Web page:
Jerry (Jackie Chan) has trained hard to become an expert fighter, and when his father's restaurant is threatened with being taken over by the gangsters of crime boss Dominici (José Ferrer) Jerry finds he has to defend his friends and family. But Dominici has plans for Jerry that involve a no-holds barred fighting match in the Texas town of Battle Creek...
Jackie Chan was one of the biggest stars in the world at the time this was produced, but not in America, so The Big Brawl represented his attempt to get a hit in West. Unfortunately, it didn't do as well as he had hoped, despite the presence of writer and director Robert Clouse, who had directed Enter the Dragon for Bruce Lee, and Chan had to wait until the nineties when he started having successes in the U.S.A. (The Cannonball Run doesn't really count, does it?)
The film plays safe for most of its running time, sticking so closely to the typical Chan formula that it becomes episodic - the only thing that's missing is one of his spectacular stunts. Jerry's father doesn't want him to lead a life of violence, he also has a mentor (Mako) to teach him the most effective fighting methods, he has a friend who is beaten up (for that all-important revenge angle), and there's a drop of comedy along with the action (although nothing too hilarious).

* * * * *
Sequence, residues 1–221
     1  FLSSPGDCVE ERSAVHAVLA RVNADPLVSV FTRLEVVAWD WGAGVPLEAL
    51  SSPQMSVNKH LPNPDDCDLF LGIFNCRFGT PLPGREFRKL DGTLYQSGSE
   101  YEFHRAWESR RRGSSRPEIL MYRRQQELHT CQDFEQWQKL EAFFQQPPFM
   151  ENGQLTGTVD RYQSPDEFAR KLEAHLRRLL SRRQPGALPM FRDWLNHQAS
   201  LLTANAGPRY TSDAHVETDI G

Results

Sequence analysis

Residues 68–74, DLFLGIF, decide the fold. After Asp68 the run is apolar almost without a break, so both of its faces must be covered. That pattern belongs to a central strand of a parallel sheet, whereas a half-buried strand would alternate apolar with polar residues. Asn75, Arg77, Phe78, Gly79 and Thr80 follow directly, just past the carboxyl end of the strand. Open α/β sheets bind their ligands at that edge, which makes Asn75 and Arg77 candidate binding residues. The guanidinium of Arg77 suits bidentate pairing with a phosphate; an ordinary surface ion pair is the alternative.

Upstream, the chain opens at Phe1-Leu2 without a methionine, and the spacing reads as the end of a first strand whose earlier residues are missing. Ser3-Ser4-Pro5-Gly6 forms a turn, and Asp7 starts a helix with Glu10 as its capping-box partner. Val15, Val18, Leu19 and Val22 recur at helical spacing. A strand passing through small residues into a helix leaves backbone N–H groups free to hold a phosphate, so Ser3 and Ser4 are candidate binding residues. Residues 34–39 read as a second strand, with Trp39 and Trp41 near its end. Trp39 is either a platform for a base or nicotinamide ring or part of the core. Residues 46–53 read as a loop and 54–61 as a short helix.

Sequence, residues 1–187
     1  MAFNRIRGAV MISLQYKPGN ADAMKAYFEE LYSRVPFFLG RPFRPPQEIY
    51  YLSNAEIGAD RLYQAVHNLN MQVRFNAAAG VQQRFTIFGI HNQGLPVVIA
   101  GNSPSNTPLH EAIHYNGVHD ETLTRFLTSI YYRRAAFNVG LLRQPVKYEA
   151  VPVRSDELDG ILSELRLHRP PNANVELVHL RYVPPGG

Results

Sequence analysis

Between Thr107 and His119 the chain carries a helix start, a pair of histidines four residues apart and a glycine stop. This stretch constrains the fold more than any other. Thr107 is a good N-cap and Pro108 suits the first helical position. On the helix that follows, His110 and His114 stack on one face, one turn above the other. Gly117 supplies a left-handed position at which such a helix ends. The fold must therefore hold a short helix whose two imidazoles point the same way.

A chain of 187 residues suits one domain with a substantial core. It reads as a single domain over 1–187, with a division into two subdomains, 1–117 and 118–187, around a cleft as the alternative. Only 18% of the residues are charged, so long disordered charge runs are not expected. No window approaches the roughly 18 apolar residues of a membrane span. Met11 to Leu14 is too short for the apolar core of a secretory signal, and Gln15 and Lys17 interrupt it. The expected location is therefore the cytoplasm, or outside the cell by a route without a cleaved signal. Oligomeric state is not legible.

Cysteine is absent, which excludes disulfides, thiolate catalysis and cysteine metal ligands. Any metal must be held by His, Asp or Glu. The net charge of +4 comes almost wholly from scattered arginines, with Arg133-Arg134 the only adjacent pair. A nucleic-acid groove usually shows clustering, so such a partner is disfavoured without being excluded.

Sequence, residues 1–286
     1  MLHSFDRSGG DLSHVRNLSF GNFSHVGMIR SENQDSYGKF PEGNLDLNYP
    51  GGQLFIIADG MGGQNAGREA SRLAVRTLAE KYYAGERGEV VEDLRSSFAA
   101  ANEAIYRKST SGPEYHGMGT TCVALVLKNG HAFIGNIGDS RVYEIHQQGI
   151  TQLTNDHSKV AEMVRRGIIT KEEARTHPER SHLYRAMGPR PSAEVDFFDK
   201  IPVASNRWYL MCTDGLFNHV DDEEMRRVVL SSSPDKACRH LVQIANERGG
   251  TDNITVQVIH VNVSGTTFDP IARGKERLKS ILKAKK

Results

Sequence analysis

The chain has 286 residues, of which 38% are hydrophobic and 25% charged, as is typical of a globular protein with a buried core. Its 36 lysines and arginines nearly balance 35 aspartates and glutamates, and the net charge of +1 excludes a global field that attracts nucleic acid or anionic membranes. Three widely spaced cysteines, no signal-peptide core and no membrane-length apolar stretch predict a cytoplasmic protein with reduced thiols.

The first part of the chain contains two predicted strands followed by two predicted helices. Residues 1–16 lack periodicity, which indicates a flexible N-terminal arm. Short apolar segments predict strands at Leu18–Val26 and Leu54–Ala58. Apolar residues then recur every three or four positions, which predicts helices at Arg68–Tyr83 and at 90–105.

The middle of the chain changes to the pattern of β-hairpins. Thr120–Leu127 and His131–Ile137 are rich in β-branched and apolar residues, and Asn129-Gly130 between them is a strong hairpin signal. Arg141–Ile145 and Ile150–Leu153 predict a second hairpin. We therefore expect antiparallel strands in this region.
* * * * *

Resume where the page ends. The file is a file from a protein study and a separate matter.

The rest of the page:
Those action sequences are good enough, including a raucous roller skating race with obstacles like jets of water, jumps onto matresses and aggressive competitors. The final contest itself features a bunch of brawny combatants who look more like wrestlers, and tower over Chan (there's a David and Goliath thing going on). They fight like wrestlers, too, except for one bloke who uses the unconventional method of climbing into a car and trying to run Jerry over with it.
In his first English-speaking role, Chan's delivery has a heavy accent, which may be why his dialogue is kept to a minimum. José Ferrer makes an unlikely Mr Big, especially as his mother is more threatening, and he doesn't even get his comeuppance at the end, despite all the trouble he's caused for our hero. In fact, all the loose ends are tied up in the most perfunctory fashion, but never mind, while this may not be the best of Chan's movies, it provides some entertainment for the most part - if only his opponents were better fighters. Whistley music by Lalo Schifrin.